Religion Saves: For Your Consideration

Religion-Saves-conclusion

Be sure to read parts one, two, and three of
my review of this book’s content.

After roughly 4000 words over three posts examining what I appreciated and what I found lacking in Mark Driscoll’s latest book, Religion Saves & Nine Other Misconceptions, what have I learned?

Three positives:

  1. Overall, this book is truly the most mature of Driscoll’s books to date
  2. Driscoll has a great deal of passion for seeing men and women live a life of holiness—especially living lives of sexual purity, an issue that is particularly prevalent for the members of his church
  3. Driscoll is brilliant at making difficult theology accessible for the average person

Three negatives:

  1. Driscoll, despite his passion for holiness, tends to be a bit too flippant when talking about sexuality at times
  2. His sense of humor gets a bit tired at times
  3. He sometimes tries too hard to prove a point, which can actually distract from his point (as is the case with humor)

Religion-SavesOf the nine chapters in Religion Saves, I felt the strongest were Birth Control, Predestination, Grace and The Emerging Church. The weakest, despite still being quite profitable was Humor. There is enough valuable content in every chapter for anyone who find a great deal of benefit from reading this book. I would particularly recommend this book to any pastor, small group leader and fathers. There’s a great deal of rough terrain that is covered in the book that affects all of our churches from sexual sin and confusion in acceptable dating relationships, and especially the pervasiveness of questionable teaching and false doctrine that is increasingly present within Christian churches.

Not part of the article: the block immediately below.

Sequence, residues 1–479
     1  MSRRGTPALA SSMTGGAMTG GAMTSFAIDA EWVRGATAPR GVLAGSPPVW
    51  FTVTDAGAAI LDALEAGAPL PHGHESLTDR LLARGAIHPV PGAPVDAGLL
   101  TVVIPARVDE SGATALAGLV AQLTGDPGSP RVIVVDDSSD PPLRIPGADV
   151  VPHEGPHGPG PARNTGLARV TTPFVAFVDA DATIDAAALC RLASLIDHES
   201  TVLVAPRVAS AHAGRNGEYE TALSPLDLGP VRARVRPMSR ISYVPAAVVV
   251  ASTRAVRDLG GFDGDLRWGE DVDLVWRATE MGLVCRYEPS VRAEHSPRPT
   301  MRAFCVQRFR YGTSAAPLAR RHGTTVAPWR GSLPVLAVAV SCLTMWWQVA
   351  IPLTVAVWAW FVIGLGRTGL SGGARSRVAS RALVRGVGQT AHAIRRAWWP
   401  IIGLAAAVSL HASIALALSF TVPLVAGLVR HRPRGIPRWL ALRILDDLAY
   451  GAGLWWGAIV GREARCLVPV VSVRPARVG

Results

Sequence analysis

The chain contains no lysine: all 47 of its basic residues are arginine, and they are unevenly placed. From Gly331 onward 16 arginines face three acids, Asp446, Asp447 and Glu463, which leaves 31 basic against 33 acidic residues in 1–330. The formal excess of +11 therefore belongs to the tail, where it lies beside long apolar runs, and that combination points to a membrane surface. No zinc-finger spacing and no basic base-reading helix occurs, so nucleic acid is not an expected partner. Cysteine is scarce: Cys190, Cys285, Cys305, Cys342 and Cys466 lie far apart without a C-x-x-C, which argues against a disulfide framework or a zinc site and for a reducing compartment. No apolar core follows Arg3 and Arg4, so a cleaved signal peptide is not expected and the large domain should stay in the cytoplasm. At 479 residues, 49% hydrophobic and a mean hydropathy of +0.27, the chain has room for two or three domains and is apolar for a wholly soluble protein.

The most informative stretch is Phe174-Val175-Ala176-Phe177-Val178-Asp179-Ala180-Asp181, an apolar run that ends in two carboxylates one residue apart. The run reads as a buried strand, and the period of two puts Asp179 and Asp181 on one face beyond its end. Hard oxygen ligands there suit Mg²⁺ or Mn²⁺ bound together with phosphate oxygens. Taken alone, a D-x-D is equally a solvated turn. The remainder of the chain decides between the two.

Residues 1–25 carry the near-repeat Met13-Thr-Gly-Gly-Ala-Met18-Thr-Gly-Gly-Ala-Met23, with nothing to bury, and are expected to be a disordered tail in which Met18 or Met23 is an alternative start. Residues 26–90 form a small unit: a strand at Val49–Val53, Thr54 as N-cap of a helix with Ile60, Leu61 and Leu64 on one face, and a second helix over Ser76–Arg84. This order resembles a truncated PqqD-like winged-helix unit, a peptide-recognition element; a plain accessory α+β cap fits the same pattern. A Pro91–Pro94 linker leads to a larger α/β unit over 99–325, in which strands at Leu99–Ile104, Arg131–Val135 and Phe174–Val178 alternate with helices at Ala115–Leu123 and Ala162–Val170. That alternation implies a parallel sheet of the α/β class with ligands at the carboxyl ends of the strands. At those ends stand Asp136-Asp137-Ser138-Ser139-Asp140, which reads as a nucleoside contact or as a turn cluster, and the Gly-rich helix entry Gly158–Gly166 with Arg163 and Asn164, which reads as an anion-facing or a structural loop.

The one thing you can always be sure on with Mark Driscoll, whether you love him or loathe him, is that he’s going to try to point people to the risen, glorified, Jesus—the King of kings, and Lord of lords. His big issue is that his sense of humor gets in the way sometimes. As Michael Krahn astutely pointed out in his review of Vintage Church, “In one sense, you could say that Driscoll is trying to augment the offense of the Gospel with his own form of offensiveness.” And as Michael rightly says, the gospel requires no such assistance.

You will not find someone who sits idly as false teachers confuse our brothers and sisters in Christ, nor will you find someone who is eager to shoot people simply because he disagrees with them. You will find a man who loves God, loves the Bible and wants to see people meet Jesus.

And I believe there’s a great deal in Religion Saves that will encourage people to grow in their love for Him.

Purchase your copy at Amazon.com or Amazon.ca

  • http://michaelkrahn.com/blog Michael Krahn

    Oddly enough, this over-the-line humour was one thing that really drew me to him at first. I guess he and I have both matured since then.

    Cheers.

  • Clark

    I really enjoyed your reviews of this book and I can’t wait to read it for myself. Thanks!

    • http://hardwords.wordpress.com Aaron Armstrong

      Clark, I hope you’ll be posting a review of your own when you’ve read it – I’d love to read your thoughts on the book. Have a great day!